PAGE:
Outline Map of Early Rome and Italy Name
Morris—World History 9—2012 (15 points) Period
Directions: Using the textbook, and the maps found in the back on pages A10-A11 and A12-A13, complete the map below by doing the following. You will need colored pencils.
1. Label the following water bodies and color them BLUE: Po River, Adriatic Sea, Ionian Sea, Tyrrhenian Sea, Mediterranean Sea.
3. Label the two important volcanoes, Mt Vesuvius and Mt. Etna.
4. Label Italy, Sicily, and Sardinia
5. Put on the towns of Rome, Florence, Venice, Turin, Milan, and Naples in Italy and the town of Palermo in Sicily.
6. Color the low areas green, as shown on the map page A12, and color the high mountain areas brown, as shown on the map A12.
Tuesday, November 13
A Trip To Rome and Italy
Main Idea: Rome began as a small tribe of people on the Tiber River in Italy, but because of its location and the influences of those who settled there, Rome became a great empire.
- Italy--a boot-shaped nation in southern Europe on the Mediterranean Sea
- Mediterranean Sea--main sea between Europe and Africa
- Rome--city halfway up the boot, 7 miles up the Tiber River
- Tiber River--river that flows through Rome
- Sicily--the island below Italy that it appears the boot is kicking
- Alps--mountain range over the top of Italy
- Apennines--mountain range that runs down the spine of Italy
- Italy is halfway from one end of the Med .Sea to the other, and Rome is halfway up the boot of Italy. Strategically placed for conquest.
- Climate--same as Greece
- Main products---same as Greece
- Rome grew on seven hills for protection, next to the Tiber River
- Rome was founded by Romulus and Remus, twin sons of the Roman god Mars and a Roman princess. The twins were cast into the Tiber after birth and raised by a she-wolf until adopted by a shepherd. They fought over where to build Rome and who would rule. Romulus killed Remus and founded Rome.
Wednesday, November 14
Who Were the Romans?Main Idea: Three different cultures combined to create Roman culture--Latin, Etruscan and Greek.
1. Latins---came over the Alps about 1,000 BC
Contribution---Latin Language--this language became the language of the Roman Empire, the
language of learning in the Middle Ages, and formed the basis for the Romance
languages of Italian, French, Spanish, Portuguese, and Romansch. It also gave
English about 1/3 of all of its words.
Latin Language Video Clip (Very good)---History of the Latin Language
2. Etruscans---lived in Northern Italy
The Etruscan Alphabet became our alphabet.
Metal Working and Art
Etruscan Video Clip: The Etruscans
3. Greeks---750-600 BC--
Contributions: Art, Philosophy, Religion, Agriculture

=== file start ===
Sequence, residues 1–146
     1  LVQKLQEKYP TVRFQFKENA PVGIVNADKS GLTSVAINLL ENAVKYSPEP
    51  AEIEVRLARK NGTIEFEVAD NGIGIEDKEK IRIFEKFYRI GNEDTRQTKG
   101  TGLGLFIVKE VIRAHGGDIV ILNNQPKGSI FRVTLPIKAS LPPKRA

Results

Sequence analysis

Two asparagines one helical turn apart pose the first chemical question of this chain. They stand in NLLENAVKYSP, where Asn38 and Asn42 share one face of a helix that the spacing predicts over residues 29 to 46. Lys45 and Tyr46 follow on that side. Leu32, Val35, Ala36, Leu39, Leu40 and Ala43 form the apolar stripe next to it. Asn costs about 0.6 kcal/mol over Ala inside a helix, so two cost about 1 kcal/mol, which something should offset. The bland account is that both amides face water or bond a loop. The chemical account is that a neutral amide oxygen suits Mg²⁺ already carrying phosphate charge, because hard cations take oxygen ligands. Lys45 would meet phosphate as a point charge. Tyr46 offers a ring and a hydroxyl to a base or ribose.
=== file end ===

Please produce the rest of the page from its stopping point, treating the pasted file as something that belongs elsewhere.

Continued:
Greek Video Clip: Greek Contributions to Rome
Begin Second Trimester
Tuesday, December 4
The Roman Republic
Main Idea: The Romans got rid of kings and put power in the hands of the people.
- Republic--a form of government in which power rests with the citizens who elect their leaders
- Rome was not a true republic. Some Romans could not vote, such as women and slaves.
- Roman Classes
- Patricians---old-school nobles, like the lords in England, who owned land and whose wealth extended back generations.
- Plebeians--middle class, including workers, farmers, and craftsmen
- Both patricians and plebeians were citizens. Women and slaves were not represented.
- Plebeians get rights when the patricians need their help to overthrow the tyrant, King Tarquin.
- Plebeians demand that the Patricians post the laws of Rome in the Forum (meeting place) so that everyone can read them and see that the patricians are not taking advantage of the plebs.
- The Plebeians get more rights when the Patricians agree to let the Plebeians have representatives in the Patrician Senate. These representatives, called Tribunes, are Patricians but represent the interests of the Plebs.
- Roman Government Graphic Organizer:
- The two consuls were elected for terms of only one year, and could not serve again for ten years. This kept either from getting too much power or support. Also each consuls could VETO any idea of the other, preventing either from getting too much power.
- In cases of extreme emergency, when something had to be dealt with quickly, the Senate could appoint a DICTATOR to serve with complete control for 6 months only.
- The danger of this was that if a dictator was able to get enough support, he could refuse to step down. That is what Julius Caesar will do eventually.
- Video Clip Links for this Lesson:
The Roman Army
Main Idea: The Roman Army became a highly-trained, well-equipped force that conquered, built, and civilized new areas as Rome grew.
- Legion--- 5,000 men, both infantry and cavalry (the operating size of a Roman army)
- Cohort---600 men, part of a legion.
- Century---100 men (80 soldiers plus 20 support), part of a cohort
- Centurion--a highly-trained, highly paid commander of a century who had the authority to make snap decisions on the battlefield. This gave the Romans a huge advantage in battle.